Power Play: Learning to love what you hate

Traders work on the floor of the New York Stock Exchange.
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Traders work on the floor of the New York Stock Exchange.

One of the key strategies right now may be learning to love what you hate.

Chris Bertelsen, chief investment officer at Global Financial Private Capital, tells CNBC's "Power Lunch" on Wednesday it's time to take a look at companies out of favor with managers.

"Many of America's biggest and best are starting to stagnate with zero growth and peak margins/earnings with so-so prospects. They are disliked by value managers and shunned by growth managers and hang on by the fact that expensive buybacks and "OK" dividends maintain their market price. Here is the potential: boardroom changes with new management and particularly a new CEO," Bertelsen said.

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He believes stocks like DuPont, Microsoft and Coca-Cola are ripe for the biggest restructuring ever.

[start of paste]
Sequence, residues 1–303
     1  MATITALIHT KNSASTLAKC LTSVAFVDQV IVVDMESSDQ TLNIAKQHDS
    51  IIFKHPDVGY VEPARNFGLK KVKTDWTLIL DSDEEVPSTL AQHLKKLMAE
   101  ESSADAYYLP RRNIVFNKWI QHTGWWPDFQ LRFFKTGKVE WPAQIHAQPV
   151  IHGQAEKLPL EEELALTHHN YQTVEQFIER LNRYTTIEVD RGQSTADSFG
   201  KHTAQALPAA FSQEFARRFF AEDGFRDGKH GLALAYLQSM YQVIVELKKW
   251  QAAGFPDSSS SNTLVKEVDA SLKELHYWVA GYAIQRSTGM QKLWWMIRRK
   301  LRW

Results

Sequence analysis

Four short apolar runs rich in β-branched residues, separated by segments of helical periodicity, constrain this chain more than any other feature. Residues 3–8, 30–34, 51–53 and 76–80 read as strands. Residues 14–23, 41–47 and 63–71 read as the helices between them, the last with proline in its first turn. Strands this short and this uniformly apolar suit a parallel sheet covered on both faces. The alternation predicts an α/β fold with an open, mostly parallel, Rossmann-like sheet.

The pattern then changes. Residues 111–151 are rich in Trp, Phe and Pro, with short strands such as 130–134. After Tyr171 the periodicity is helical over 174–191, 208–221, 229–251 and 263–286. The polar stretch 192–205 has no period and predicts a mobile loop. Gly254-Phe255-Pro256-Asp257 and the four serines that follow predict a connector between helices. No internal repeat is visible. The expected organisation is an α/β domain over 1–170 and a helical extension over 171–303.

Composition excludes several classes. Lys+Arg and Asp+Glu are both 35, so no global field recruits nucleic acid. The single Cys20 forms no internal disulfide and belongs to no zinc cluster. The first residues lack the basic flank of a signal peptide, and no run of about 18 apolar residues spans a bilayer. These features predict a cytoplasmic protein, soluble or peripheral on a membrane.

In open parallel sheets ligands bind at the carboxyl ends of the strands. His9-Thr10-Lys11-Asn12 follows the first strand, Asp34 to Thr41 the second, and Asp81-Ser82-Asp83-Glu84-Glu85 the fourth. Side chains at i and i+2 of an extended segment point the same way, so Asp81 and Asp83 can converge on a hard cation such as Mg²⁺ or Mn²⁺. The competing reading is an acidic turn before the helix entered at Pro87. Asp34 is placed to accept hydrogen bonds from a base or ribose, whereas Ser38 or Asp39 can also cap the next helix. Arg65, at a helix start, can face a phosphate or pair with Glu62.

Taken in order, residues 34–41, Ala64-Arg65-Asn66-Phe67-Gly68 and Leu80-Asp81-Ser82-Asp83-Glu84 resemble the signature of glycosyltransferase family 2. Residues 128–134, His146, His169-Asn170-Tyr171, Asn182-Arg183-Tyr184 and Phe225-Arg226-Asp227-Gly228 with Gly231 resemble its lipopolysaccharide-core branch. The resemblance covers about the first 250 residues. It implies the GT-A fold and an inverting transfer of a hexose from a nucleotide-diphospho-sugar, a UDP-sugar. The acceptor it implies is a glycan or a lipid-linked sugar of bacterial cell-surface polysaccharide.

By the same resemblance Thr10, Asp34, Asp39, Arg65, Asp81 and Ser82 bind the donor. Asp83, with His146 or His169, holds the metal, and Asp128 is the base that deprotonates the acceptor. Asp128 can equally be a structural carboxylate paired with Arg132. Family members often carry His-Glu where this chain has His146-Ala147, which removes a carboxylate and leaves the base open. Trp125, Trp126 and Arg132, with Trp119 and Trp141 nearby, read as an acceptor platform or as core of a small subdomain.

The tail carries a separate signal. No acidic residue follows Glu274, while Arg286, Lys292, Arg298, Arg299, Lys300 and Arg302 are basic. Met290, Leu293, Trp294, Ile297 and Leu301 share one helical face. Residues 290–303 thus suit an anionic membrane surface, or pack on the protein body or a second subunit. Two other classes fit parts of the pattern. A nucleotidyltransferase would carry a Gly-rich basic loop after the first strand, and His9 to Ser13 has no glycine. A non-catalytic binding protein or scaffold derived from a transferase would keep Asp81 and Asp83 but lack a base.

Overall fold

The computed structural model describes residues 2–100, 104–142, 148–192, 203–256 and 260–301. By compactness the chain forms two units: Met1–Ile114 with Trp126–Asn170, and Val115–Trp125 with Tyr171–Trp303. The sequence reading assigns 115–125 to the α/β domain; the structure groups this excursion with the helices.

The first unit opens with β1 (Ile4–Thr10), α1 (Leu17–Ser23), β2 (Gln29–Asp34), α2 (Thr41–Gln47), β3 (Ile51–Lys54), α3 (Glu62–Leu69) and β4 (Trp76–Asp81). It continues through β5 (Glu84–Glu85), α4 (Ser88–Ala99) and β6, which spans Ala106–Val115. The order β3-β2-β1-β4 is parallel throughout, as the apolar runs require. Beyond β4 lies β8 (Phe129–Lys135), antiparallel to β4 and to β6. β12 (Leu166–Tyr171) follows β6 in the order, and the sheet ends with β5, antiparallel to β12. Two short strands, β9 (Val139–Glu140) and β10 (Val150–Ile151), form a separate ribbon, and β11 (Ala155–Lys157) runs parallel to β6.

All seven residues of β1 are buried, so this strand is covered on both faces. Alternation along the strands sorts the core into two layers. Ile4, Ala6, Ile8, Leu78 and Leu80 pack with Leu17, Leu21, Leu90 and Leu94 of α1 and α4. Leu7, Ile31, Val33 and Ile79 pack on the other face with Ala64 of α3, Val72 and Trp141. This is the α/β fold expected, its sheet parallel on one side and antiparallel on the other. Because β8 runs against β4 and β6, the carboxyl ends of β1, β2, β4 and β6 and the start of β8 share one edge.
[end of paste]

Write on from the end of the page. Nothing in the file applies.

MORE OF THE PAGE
"This can create shareholder value. A great example is P&G, down almost double digits YTD with a CEO who maintains the status quo, but a new one will be anointed this year and P&G could split into health care/beauty/other or domestic/international," Bertelsen said.

He compares this period to the 1970s.

"Eastman Kodak couldn't innovate fast enough, but Eastman Chemical was a winner. This will be a major sea change in the USA and is what we are great at," Bertelsen said.

DuPont, Microsoft, Coca-Cola and Procter & Gamble are lower during trading.